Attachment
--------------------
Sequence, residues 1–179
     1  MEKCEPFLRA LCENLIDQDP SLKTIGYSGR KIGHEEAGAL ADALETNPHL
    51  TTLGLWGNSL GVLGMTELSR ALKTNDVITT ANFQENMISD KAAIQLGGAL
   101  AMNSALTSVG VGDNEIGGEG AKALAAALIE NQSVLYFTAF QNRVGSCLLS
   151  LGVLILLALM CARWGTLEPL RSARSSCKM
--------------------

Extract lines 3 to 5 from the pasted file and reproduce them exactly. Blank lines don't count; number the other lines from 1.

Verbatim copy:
    51  TTLGLWGNSL GVLGMTELSR ALKTNDVITT ANFQENMISD KAAIQLGGAL
   101  AMNSALTSVG VGDNEIGGEG AKALAAALIE NQSVLYFTAF QNRVGSCLLS
   151  LGVLILLALM CARWGTLEPL RSARSSCKM